Joseph Priestley (24 March 1733 – 6 February 1804)


In 1771, about the time of the first stirrings of the industrial revolution and its appetite for fossil fuel, an English minister grasped key processes of the natural carbon cycle. In a series of ingenious experiments, Joseph Priestley found that flames and animals’ breath “injure” the air in a sealed jar, making it unwholesome to breathe. But a green sprig of mint, he found, could restore its goodness. Priestley could not name the gases responsible, but we know now that the fire and respiration used up oxygen and gave off carbon dioxide. The mint reversed both processes. Photosynthesis took up the carbon dioxide, converted it into plant tissue, and gave off oxygen as a by-product.

The world is just a bigger jar. Tens of billions of tons of carbon a year pass between land and the atmosphere: given off by living things as they breathe and decay and taken up by green plants, which produce oxygen. A similar traffic in carbon, between marine plants and animals, takes place within the waters of the ocean. And nearly a hundred billion tons of carbon diffuse back and forth between ocean and atmosphere.
.http://environment.nationalgeographic.com/environment/global-warming/missing-carbon/#page=2


In other words:
Alone in a sealed jar, a mouse would die from exhaled CO2. But as Priestley observed in 1771, adding a plant allows the mouse to thrive. In this proof of photosynthesis, the mint absorbed CO2, retained carbon for growth, and released oxygen
https://diogenesii.wordpress.com/2014/08/17/august-17-1771-a/#comment-486

 

This Compost — 1856

ligozzi plant

1

Something startles me where I thought I was safest,
I withdraw from the still woods I loved,
I will not go now on the pastures to walk,
I will not strip the clothes from my body to meet my lover the sea,
I will not touch my flesh to the earth as to other flesh to renew me.

O how can it be that the ground itself does not sicken?
How can you be alive you growths of spring?
How can you furnish health you blood of herbs, roots, orchards, grain?
Are they not continually putting distemper’d corpses within you?
Is not every continent work’d over and over with sour dead?

Where have you disposed of their carcasses?
Those drunkards and gluttons of so many generations?
Where have you drawn off all the foul liquid and meat?
I do not see any of it upon you to-day, or perhaps I am deceiv’d,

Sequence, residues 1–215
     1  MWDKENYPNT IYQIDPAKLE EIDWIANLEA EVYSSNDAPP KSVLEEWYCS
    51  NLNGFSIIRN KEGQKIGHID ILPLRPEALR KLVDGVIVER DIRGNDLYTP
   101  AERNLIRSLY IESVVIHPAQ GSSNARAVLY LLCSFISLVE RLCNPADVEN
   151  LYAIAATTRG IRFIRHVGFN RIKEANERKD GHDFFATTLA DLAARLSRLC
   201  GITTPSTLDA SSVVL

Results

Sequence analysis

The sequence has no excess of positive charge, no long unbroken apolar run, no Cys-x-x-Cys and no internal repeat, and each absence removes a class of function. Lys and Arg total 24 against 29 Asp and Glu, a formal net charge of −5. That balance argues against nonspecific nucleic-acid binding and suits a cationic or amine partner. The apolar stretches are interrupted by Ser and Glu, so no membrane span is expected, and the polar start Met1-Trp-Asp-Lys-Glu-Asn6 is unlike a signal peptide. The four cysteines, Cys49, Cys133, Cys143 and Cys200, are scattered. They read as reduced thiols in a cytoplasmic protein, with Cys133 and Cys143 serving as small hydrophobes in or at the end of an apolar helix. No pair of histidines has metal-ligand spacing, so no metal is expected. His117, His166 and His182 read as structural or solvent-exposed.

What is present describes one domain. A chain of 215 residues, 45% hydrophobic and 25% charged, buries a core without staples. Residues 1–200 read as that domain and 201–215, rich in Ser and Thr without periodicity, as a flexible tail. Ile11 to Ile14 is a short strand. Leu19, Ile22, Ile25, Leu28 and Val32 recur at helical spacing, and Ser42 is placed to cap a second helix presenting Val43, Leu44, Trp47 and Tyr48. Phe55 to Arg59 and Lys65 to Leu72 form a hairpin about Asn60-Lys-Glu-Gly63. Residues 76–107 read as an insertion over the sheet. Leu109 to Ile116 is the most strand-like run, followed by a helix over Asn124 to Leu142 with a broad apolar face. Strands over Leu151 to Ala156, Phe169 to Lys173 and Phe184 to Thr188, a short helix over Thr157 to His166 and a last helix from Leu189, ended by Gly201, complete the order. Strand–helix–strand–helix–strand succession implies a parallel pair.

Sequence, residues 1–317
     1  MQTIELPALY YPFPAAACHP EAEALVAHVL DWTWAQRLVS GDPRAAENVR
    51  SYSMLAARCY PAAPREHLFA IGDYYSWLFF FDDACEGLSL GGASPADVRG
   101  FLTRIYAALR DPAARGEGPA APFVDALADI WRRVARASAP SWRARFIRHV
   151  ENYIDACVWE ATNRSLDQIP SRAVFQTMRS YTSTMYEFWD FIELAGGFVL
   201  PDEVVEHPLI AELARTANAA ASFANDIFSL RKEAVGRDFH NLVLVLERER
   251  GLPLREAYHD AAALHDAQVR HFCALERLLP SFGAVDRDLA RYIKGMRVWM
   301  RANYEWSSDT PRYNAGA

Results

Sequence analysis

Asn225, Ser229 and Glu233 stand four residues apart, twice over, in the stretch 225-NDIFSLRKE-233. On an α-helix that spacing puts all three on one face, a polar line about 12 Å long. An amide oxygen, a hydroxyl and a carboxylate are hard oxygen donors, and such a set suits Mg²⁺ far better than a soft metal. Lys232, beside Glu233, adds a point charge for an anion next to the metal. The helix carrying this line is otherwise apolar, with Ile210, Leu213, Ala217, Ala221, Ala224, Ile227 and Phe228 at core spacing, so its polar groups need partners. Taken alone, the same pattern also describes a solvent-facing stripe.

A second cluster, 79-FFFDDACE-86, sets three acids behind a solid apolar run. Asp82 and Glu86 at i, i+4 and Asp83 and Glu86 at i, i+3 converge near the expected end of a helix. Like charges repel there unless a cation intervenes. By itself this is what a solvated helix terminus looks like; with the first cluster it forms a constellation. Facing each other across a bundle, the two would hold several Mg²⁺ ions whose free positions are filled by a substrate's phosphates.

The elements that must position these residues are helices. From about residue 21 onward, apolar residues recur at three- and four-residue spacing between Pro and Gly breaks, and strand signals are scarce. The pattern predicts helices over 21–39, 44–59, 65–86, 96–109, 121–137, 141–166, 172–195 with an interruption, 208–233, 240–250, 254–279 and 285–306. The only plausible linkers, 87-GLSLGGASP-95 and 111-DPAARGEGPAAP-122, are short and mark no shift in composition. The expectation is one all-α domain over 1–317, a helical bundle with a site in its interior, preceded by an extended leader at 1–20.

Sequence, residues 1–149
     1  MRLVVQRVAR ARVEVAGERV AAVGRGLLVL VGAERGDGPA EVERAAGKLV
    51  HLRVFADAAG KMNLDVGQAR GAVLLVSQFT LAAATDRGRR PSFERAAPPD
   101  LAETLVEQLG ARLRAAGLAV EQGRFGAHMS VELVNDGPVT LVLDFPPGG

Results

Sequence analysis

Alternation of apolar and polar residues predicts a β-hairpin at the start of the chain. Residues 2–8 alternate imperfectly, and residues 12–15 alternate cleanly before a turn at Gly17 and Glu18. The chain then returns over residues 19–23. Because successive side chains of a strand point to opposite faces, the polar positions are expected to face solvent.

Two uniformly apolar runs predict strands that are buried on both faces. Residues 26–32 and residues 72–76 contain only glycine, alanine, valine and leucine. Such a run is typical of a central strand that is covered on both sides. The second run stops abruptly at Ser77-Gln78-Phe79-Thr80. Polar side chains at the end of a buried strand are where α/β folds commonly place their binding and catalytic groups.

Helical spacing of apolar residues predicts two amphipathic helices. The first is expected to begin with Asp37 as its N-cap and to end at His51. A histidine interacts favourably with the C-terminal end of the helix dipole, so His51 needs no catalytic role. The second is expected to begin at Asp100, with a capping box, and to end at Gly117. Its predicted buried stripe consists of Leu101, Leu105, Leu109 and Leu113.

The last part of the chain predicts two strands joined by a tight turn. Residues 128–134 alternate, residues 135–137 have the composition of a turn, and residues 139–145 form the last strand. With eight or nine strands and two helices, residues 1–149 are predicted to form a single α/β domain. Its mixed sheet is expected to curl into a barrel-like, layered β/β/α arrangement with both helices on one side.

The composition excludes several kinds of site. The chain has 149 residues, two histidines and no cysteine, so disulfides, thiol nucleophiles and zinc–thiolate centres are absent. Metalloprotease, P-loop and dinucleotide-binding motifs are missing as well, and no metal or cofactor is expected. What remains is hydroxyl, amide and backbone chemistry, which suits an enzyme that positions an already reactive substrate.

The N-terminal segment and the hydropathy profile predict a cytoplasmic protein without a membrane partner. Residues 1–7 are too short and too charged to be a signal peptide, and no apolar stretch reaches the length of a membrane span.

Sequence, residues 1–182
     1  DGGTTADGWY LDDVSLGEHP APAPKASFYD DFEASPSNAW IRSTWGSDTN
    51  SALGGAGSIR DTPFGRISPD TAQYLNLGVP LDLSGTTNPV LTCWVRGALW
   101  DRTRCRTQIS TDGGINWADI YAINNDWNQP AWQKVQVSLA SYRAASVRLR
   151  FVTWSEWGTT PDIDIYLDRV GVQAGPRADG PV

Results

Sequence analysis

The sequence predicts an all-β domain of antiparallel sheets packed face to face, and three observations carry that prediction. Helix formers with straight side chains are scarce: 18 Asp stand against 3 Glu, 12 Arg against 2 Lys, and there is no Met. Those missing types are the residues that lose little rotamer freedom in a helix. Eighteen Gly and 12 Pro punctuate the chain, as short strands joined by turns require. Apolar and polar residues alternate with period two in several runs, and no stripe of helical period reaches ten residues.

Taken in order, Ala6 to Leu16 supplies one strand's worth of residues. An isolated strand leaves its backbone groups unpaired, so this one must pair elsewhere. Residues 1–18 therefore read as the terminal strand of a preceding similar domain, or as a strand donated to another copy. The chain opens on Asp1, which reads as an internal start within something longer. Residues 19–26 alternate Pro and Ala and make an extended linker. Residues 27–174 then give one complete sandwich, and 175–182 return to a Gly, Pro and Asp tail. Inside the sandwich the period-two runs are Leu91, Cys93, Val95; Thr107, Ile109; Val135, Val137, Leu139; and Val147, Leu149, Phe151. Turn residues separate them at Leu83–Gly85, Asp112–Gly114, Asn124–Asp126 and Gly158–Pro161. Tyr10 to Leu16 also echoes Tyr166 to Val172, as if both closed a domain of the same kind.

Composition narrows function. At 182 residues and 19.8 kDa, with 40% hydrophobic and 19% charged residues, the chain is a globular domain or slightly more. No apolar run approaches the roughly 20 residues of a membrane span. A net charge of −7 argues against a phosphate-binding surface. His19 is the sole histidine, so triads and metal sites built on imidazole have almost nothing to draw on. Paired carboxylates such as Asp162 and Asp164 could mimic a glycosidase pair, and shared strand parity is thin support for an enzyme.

I will run a furrow with my plough, I will press my spade through the sod and turn it up underneath,
I am sure I shall expose some of the foul meat.

2

Behold this compost! behold it well!
Perhaps every mite has once form’d part of a sick person—yet behold!
The grass of spring covers the prairies,
The bean bursts noislessly through the mould in the garden,
The delicate spear of the onion pierces upward,
The apple-buds cluster together on the apple-branches,
The resurrection of the wheat appears with pale visage out of its graves,
The tinge awakes over the willow-tree and the mulberry-tree,
The he-birds carol mornings and evenings while the she-birds sit on their nests,
The young of poultry break through the hatch’d eggs,
The new-born of animals appear, the calf is dropt from the cow, the colt from the mare,
Out of its little hill faithfully rise the potato’s dark green leaves,
Out of its hill rises the yellow maize-stalk, the lilacs bloom in the door-yards,
The summer growth is innocent and disdainful above all those strata of sour dead.

What chemistry!
That the winds are really not infectious,
That this is no cheat, this transparent green-wash of the sea which is so amorous after me,
That it is safe to allow it to lick my naked body all over with its tongues,
That it will not endanger me with the fevers that have deposited themselves in it,
That all is clean forever and forever,
That the cool drink from the well tastes so good,
That blackberries are so flavorous and juicy,
That the fruits of the apple-orchard and the orange-orchard, that melons, grapes, peaches, plums, will
none of them poison me,
That when I recline on the grass I do not catch any disease,
Though probably every spear of grass rises out of what was once a catching disease.

Now I am terrified at the Earth, it is that calm and patient,
It grows such sweet things out of such corruptions,
It turns harmless and stainless on its axis, with such endless successions of diseas’d corpses,
It distils such exquisite winds out of such infused fetor,
It renews with such unwitting looks its prodigal, annual, sumptuous crops,
It gives such divine materials to men, and accepts such leavings from them at last.

Walt Whitman

https://secretgardening.wordpress.com/2011/09/26/what-is-the-grass-2/